Background and objectives Juvenile Idiopathic Arthritis (JIA) is a debilitating autoimmune disease with an important role for aberrant T cell homeostasis in the pathogenesis. Autophagy is a process of lysosomal degradation that is important for (T) cellular homeostasis that has previously been genetically correlated to several auto-immune diseases. We investigated the role of autophagy in JIA synovial inflammation and its effect on T cell activity.
Materials and methods PBMC from healthy donors, and PBMC and Synovial fluid cells (SFMC) from 21 JIA patients were used. Cells were cultured overnight with or without hydroxychloroquin to investigate the autophagic flux. Synovial fluid was added to HC cell cultures to investigate the role of inflammatory mediators on autophagy. Autophagy was measured with flow cytometry using the specific dye Cyto-ID or by western blot of LC3-II. The importance of autophagy for inflammatory activity of T cells in the synovium was investigated by blockade of autophagy during anti-CD3 activation and measuring proliferation and cytokine production during 4 day cultures.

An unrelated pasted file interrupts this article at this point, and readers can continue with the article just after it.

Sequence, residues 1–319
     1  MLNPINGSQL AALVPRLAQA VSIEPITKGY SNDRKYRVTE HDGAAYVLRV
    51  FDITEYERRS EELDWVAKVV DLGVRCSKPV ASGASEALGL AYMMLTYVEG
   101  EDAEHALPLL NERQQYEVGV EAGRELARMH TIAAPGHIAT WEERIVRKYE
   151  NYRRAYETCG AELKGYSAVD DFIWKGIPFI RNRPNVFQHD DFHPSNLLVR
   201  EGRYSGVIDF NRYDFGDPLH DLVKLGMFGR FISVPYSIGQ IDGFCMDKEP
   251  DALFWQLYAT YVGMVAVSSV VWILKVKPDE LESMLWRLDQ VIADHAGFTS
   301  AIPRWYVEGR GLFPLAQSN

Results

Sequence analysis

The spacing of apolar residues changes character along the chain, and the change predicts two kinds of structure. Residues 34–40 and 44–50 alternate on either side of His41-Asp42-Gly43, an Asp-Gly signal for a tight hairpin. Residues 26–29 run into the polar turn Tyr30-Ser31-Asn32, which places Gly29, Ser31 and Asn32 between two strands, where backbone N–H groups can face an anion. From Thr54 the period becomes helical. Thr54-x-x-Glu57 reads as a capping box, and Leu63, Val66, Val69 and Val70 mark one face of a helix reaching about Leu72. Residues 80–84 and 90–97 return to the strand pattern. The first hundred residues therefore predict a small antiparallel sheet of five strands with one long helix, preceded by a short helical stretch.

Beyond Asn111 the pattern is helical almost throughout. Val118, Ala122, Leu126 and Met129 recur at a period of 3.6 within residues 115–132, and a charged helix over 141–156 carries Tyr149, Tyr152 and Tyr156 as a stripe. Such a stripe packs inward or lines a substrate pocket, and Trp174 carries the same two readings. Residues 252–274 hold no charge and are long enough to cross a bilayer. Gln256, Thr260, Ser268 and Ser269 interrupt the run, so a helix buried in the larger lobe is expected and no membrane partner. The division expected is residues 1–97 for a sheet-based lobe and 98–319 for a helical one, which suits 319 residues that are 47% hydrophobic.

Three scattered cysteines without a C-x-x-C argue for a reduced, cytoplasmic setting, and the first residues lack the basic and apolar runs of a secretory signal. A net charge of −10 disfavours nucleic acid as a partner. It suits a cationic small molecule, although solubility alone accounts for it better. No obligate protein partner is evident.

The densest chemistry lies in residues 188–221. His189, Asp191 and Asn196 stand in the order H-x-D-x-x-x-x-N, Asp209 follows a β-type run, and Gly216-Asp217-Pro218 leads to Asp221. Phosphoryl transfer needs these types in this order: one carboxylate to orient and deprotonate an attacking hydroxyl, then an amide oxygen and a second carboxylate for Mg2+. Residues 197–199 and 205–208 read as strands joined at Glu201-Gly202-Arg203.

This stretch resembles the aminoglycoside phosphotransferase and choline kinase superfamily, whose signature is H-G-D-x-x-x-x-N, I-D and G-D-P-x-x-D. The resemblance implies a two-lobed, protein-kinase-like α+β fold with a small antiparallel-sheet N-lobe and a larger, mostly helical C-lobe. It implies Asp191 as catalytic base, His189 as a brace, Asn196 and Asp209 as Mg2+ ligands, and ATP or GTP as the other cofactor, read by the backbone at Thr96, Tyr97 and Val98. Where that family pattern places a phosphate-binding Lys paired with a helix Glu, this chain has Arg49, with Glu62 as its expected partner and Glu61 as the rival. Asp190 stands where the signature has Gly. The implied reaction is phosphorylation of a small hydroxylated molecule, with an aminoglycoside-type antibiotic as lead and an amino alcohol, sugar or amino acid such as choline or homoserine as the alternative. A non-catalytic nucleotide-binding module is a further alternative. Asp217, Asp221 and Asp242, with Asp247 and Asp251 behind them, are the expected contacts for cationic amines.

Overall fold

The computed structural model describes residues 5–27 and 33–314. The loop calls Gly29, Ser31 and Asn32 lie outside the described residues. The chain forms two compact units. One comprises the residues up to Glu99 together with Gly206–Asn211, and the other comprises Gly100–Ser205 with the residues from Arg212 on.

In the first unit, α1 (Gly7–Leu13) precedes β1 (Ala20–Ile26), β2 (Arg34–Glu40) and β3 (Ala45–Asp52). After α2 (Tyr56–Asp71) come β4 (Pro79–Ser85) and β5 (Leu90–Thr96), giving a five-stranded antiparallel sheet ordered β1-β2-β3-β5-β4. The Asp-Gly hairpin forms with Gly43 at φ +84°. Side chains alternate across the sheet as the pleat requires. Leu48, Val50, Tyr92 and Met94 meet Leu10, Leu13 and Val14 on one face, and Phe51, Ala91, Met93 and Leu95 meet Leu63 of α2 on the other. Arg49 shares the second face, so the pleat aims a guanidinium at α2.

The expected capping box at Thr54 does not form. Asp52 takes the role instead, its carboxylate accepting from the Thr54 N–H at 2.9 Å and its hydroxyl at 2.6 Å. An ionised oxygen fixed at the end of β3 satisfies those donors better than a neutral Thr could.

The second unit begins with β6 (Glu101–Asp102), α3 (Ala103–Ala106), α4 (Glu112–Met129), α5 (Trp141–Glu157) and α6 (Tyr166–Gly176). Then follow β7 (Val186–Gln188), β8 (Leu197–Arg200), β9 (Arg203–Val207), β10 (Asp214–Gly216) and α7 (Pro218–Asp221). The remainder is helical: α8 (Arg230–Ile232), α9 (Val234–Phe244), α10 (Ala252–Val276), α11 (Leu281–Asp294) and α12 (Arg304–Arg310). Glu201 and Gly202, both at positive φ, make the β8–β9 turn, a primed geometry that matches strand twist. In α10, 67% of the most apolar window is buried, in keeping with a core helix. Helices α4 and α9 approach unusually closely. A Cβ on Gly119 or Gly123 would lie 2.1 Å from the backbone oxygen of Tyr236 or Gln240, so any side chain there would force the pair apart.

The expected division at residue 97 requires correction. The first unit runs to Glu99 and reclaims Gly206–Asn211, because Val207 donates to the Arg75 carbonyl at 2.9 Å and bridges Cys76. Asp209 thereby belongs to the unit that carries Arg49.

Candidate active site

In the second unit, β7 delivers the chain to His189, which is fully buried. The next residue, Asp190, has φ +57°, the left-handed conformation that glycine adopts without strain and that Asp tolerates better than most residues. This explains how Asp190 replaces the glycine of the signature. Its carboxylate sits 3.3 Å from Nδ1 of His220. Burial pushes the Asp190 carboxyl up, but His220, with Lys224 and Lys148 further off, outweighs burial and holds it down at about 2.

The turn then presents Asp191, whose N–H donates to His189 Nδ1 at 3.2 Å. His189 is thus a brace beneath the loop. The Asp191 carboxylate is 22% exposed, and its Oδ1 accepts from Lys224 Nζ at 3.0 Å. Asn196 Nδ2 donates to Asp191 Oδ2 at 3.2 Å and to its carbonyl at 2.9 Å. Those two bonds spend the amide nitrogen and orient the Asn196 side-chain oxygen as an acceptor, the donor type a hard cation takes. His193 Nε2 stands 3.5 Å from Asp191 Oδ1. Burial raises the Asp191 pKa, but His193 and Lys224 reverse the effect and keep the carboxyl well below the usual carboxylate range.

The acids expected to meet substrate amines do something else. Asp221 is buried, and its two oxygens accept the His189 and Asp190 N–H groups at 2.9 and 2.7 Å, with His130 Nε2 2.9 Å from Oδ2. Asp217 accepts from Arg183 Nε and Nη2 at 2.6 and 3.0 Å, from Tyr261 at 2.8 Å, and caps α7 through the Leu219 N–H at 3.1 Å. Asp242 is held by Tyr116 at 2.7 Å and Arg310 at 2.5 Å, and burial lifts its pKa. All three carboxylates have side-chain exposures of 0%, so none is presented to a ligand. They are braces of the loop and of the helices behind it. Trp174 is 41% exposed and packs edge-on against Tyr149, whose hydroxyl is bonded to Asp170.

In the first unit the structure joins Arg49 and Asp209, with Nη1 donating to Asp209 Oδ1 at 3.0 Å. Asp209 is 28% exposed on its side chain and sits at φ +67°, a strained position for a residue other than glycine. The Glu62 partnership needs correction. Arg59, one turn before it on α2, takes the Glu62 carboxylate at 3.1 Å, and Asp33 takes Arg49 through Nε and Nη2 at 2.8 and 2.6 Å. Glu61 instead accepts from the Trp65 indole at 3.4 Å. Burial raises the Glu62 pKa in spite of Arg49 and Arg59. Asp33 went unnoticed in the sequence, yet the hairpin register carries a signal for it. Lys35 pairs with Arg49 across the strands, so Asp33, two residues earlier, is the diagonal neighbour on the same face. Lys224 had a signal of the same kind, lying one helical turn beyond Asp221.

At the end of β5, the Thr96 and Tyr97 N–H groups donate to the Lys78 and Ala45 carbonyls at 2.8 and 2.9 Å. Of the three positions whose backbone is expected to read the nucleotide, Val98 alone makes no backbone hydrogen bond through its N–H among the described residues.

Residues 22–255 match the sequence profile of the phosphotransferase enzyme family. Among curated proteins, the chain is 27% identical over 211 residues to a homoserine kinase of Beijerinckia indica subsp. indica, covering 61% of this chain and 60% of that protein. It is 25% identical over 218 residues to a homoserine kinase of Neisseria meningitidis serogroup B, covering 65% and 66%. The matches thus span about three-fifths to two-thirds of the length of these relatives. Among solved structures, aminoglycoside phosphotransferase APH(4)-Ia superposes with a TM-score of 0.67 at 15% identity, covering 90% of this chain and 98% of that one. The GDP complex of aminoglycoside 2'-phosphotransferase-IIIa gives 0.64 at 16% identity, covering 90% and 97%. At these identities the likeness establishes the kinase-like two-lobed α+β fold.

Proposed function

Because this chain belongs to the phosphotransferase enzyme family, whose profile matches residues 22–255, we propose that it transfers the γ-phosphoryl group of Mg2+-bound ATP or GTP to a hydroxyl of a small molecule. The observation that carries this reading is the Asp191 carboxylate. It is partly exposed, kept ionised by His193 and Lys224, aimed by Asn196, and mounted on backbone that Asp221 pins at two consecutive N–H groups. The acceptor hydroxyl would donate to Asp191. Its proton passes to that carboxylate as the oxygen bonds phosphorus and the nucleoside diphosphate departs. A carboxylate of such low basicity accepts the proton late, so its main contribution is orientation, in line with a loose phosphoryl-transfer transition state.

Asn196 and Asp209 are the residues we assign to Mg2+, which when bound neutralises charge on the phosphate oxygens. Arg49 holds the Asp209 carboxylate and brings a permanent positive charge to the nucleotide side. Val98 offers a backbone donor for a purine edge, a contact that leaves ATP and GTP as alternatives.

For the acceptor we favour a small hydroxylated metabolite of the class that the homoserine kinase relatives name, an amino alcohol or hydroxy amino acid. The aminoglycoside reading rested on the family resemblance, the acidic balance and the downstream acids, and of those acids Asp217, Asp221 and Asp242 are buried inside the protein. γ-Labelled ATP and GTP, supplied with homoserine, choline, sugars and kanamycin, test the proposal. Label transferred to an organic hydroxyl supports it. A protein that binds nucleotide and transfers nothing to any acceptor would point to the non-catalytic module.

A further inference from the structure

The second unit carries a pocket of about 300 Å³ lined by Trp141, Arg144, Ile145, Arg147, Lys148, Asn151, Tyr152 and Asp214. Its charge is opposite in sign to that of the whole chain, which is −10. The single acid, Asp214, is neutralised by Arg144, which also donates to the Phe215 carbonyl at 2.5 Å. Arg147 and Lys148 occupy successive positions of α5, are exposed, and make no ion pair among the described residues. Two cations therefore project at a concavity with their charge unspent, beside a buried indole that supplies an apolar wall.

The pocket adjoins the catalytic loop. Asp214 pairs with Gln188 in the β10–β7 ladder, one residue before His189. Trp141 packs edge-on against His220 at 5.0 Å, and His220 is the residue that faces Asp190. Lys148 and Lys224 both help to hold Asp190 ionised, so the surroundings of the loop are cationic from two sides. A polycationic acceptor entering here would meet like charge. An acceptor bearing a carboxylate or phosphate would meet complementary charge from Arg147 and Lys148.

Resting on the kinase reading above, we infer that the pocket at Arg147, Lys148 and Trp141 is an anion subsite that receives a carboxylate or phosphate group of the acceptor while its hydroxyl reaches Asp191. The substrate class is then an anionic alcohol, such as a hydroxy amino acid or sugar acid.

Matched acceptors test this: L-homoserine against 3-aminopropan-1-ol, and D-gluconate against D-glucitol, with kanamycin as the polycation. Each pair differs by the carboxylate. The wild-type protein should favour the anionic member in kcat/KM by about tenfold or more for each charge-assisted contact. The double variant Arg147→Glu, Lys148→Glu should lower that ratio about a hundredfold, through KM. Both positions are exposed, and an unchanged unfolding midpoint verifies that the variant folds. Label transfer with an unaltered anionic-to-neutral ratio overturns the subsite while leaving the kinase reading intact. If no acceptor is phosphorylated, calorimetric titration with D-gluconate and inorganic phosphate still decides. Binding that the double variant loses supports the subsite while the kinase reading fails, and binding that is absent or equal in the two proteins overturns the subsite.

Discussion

Results Autophagy was significantly increased in CD4+, and CD8+ T cells from SFMC which was due to a higher basal level of autophagy in SFMC and not to an increase in susceptibility to HCQ.
Culturing HC and JIA PBMC and SFMC with SF or inflammatory cytokines did not affect autophagy levels, indicating that the increased autophagy in SFMC is related to a cell intrinsic phenomenon rather than induced by soluble mediators of inflammation. Indeed, cellular activation related to levels of autophagy. Additionally, blocking autophagy reduced proliferation and cytokine production.
Conclusions T cells from the inflamed synovium of JIA patients show significantly increased autophagy. This phenomenon is not affected by cytokines in the SF or SF itself, but is related to cellular activation. Moreover, blocking autophagy reduces cellular activity and cytokine production. We conclude that targeting autophagy in JIA has a major potential for future therapy.
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